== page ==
Data fabrics hold the key to unlocking data value. But first, business executives have to understand how fabrics work, and IT needs to know how to build them.
An inventory management specialist for a large enterprise once told me that he knew every supply depot where various types of parts were stored. Because of this familiarity, he could effortlessly source any item from anywhere to anyone quickly. In a way, this can be equated with information supply and demand within a company. What if you could automate processes to deliver any kind of information—structured or unstructured—to any business function whenever it was needed because you knew exactly where to get it?
SEE: Digital transformation: A CXO’s guide (free PDF) (TechRepublic)
There is a name for this kind of agile IT data supply chain: data fabric.
Gartner defines a data fabric as “a design concept that serves as an integrated layer (fabric) of data and connecting processes. A data fabric utilizes continuous analytics over existing, discoverable and inferenced metadata assets to support the design, deployment and utilization of integrated and reusable data across all environments, including hybrid and multicloud platforms.”
The best data fabrics work on a just-in-time basis. They are able to cull through multiple data sources that might exist anywhere and aggregate the right types of data needed to deliver value to a business user.
“The first step [toward building a data fabric] isn’t a technical one,” said Sean Knapp, founder and CEO of ascend.io. “Organizations should start by defining their core principles, the ‘why,’ and the key metrics associated with their fabric.”
In the process, Knapp encourages IT to work hand-in-hand with business users to see what value these users want to derive from their data. This in turn can point the way to developing a data fabric that is most conducive to the information pipelines that the company needs.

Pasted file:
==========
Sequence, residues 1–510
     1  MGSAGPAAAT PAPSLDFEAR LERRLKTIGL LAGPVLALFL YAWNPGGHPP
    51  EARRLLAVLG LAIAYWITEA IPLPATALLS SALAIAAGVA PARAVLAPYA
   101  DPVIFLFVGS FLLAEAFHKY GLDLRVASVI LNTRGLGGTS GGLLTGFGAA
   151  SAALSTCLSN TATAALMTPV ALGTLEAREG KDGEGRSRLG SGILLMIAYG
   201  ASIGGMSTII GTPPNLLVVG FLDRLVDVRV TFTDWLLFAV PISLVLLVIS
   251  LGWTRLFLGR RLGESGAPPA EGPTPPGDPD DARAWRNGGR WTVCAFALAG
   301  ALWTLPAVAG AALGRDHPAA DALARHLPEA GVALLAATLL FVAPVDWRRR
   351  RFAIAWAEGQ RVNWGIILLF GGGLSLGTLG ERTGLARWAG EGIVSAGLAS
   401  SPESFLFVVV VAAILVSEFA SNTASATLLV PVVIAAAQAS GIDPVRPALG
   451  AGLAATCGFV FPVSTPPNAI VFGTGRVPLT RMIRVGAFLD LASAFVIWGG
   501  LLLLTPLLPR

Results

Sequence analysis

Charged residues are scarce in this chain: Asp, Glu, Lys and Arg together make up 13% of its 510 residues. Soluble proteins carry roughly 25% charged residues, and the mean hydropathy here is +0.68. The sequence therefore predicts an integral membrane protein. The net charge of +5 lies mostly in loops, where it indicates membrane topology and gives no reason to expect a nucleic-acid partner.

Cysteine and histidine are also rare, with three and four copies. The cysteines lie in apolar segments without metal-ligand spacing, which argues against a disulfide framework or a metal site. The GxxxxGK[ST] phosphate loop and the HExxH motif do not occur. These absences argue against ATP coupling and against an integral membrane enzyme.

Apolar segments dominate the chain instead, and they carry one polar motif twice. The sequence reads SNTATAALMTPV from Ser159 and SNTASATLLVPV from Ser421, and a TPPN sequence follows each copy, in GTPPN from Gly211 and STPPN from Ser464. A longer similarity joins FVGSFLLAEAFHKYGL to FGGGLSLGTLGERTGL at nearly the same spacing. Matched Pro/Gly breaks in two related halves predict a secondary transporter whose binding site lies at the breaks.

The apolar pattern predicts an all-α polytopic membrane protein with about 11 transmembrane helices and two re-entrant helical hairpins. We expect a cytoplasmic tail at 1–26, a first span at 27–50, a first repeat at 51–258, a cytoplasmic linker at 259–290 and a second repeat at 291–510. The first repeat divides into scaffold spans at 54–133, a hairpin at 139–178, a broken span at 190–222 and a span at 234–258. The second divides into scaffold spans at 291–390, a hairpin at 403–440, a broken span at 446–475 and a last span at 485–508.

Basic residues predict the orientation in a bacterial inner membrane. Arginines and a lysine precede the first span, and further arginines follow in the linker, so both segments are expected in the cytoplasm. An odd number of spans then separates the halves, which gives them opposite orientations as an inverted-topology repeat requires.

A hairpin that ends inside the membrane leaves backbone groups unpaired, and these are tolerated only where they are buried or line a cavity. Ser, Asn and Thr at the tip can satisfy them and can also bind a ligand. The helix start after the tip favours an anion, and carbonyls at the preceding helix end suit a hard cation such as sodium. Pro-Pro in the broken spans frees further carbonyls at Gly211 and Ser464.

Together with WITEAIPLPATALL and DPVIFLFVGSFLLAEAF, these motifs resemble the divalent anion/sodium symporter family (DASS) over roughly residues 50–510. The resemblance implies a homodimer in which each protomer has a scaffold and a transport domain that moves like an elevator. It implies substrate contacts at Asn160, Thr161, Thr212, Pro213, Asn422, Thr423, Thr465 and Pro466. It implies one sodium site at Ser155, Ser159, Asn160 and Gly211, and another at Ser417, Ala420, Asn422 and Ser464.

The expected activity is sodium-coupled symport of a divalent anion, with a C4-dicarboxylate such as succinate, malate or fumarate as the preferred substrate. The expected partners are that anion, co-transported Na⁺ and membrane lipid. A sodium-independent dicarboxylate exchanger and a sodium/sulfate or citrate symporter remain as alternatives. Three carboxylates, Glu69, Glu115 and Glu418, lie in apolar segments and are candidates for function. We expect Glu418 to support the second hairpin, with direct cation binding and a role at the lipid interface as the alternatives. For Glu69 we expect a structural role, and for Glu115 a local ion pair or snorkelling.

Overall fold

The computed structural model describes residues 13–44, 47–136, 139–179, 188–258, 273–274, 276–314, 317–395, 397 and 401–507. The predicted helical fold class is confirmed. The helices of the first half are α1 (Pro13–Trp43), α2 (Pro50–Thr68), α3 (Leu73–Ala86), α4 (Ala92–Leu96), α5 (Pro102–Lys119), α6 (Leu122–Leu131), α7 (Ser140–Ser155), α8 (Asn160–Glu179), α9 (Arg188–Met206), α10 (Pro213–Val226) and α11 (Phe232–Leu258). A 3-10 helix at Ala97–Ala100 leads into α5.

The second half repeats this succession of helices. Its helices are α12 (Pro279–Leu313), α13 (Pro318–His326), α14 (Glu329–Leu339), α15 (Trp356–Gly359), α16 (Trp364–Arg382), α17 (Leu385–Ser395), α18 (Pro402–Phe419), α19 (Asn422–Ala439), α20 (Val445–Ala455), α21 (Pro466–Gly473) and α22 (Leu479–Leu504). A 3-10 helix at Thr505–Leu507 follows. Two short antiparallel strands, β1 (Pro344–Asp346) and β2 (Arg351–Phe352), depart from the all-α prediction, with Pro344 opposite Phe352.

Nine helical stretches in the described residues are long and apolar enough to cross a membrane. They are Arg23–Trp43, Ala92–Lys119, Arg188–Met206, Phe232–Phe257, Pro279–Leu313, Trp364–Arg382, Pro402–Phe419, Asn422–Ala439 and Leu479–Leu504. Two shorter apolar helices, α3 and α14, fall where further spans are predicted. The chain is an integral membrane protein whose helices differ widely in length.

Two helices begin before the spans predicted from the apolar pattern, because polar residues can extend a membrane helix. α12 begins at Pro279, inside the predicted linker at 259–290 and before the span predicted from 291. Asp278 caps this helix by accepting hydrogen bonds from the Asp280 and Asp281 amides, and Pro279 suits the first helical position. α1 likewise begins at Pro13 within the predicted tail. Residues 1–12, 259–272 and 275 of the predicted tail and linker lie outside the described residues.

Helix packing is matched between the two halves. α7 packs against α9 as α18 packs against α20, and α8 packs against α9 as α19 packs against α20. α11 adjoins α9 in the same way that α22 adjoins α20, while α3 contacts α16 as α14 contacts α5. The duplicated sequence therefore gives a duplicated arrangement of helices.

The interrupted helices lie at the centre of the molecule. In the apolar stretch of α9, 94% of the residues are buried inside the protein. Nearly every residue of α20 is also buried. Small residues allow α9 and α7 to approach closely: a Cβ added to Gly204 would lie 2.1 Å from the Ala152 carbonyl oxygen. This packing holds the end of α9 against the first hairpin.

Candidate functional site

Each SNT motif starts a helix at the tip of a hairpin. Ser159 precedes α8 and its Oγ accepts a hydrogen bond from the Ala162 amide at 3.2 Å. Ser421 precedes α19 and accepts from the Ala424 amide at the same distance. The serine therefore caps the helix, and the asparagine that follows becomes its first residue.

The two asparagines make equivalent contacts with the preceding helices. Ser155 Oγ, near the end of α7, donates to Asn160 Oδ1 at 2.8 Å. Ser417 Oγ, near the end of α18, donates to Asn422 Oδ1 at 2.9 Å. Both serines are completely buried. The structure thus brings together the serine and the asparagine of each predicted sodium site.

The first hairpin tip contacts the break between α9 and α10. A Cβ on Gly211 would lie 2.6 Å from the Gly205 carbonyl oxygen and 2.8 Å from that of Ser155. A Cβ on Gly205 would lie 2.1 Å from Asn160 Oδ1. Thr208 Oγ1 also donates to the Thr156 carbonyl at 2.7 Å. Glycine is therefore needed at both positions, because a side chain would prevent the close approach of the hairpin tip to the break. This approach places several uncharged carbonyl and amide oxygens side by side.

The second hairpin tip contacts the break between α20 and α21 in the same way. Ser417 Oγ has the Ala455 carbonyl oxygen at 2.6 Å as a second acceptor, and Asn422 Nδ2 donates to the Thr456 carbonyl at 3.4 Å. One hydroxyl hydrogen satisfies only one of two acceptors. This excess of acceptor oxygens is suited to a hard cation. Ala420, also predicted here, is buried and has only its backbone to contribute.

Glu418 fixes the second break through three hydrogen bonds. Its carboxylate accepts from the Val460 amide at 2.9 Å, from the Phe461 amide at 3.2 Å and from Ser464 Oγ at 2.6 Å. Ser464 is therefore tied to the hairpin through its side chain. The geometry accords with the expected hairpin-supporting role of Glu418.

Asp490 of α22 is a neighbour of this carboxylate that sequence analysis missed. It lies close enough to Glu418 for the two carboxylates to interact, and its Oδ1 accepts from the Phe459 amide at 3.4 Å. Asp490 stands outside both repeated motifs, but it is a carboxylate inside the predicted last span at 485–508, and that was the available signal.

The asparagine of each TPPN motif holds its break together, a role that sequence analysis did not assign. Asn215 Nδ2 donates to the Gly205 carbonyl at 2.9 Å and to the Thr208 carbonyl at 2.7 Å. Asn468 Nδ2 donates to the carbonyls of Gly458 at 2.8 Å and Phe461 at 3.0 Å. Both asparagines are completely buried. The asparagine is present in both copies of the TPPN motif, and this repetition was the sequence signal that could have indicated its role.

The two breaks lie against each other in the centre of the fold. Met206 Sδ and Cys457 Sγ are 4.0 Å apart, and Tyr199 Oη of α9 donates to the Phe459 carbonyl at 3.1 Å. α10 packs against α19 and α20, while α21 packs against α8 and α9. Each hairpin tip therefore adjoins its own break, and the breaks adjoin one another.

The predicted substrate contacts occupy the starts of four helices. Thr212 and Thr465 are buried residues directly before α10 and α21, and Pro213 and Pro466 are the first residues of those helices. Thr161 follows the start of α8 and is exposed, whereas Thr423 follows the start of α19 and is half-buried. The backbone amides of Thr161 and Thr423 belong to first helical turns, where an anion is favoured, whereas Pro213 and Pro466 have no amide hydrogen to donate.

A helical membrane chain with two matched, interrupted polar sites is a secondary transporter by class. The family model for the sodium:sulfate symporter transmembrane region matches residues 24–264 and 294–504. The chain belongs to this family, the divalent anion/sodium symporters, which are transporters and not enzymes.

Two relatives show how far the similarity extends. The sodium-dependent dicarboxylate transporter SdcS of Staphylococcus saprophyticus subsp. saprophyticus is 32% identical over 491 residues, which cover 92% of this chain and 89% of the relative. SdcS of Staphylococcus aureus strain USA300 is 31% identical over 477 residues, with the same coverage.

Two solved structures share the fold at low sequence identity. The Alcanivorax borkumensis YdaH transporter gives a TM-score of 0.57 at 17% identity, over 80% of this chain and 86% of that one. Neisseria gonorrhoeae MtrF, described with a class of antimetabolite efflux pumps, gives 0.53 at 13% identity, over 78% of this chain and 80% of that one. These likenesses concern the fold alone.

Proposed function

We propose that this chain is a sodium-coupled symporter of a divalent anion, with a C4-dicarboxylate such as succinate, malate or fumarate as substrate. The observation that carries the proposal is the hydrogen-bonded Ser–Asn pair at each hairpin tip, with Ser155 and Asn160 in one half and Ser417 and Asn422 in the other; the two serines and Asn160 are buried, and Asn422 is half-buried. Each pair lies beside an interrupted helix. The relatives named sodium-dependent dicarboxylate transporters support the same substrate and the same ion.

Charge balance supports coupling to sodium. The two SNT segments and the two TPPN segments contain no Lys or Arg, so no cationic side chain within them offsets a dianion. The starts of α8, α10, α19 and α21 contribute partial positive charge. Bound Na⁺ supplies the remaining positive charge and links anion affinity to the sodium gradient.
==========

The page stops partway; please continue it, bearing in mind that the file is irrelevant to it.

“By enabling more individuals across the company access to not only raw data sets where they reside, but derived and refined data sets produced by colleagues, companies can unlock the network effect [and value] of their own data products,” Knapp said.
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In other words, executives, managers and line workers obtain the right information at the right time for the tasks they are working on. They do it effortlessly, because IT and software tools have constructed a matrix (or fabric) of data that is so malleable and intuitive that it can go to exactly the right data parts (like the inventory specialist) to pull together the information that is needed.
If this sounds good for a C-suite executive, it is, because he or she will get to decision-making information faster. But will he or she support the idea of a data fabric when it is a somewhat nebulous term that only a technician would understand?
This is exactly the quandary for CIOs, DBAs and others who want to champion data fabrics. They must somehow convince management that data fabrics and the tools and training investments required to build them are worth it.
One way to present the idea of a data fabric to a non-IT decision-maker is by comparing it to other network-based elements with which they are familiar.
Executive decision-makers understand the value of networking in their professions, or networking in social media.
Data fabrics are not unlike those other forms of networking and association. They organize a network of disparate pieces of data from a diversity of systems to make a whole. They do this through a power of association that is not unlike the power of association that is found in the human brain. In this way, an end-to-end data fabric is constructed for an enterprise where data can easily interact and recombine with each other.
SEE: 3 steps to build a data fabric to integrate all your data tools (TechRepublic)
The non-IT executive doesn’t need to understand the nuts and bolts of data fabric building, but he or she does need to know how data fabrics will expedite informant fulfillment through the organization.
On the IT side, initial training in data fabric development might be needed. From there, the IT team will need strong familiarity with the technologies employed across the organization.
“This is important for two reasons,” Knapp said. “First, IT must be able to observe and collect user behavior across systems to identify new data sets that are of value to the broader organization. Second, IT must be able to connect data across these systems, so that users are able to access and work with that data in their tools of choice.”
This is a tall order for most enterprises, but it is a necessary step if enterprises are going to master the deluge of data that they ingest each day in unstructured and structured forms, plus have a method for cultivating that data for immediate anywhere, anytime business use.
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